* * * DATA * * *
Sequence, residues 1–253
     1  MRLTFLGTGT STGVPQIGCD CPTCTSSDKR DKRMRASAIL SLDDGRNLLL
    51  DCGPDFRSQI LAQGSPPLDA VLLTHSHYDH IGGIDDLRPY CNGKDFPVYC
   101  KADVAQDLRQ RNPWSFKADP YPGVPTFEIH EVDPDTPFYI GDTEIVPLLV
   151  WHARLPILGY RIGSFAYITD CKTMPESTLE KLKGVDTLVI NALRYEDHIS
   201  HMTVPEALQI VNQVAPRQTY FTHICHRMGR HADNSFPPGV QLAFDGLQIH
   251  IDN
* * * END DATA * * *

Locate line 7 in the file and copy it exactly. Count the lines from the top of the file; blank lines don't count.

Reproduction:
   251  IDN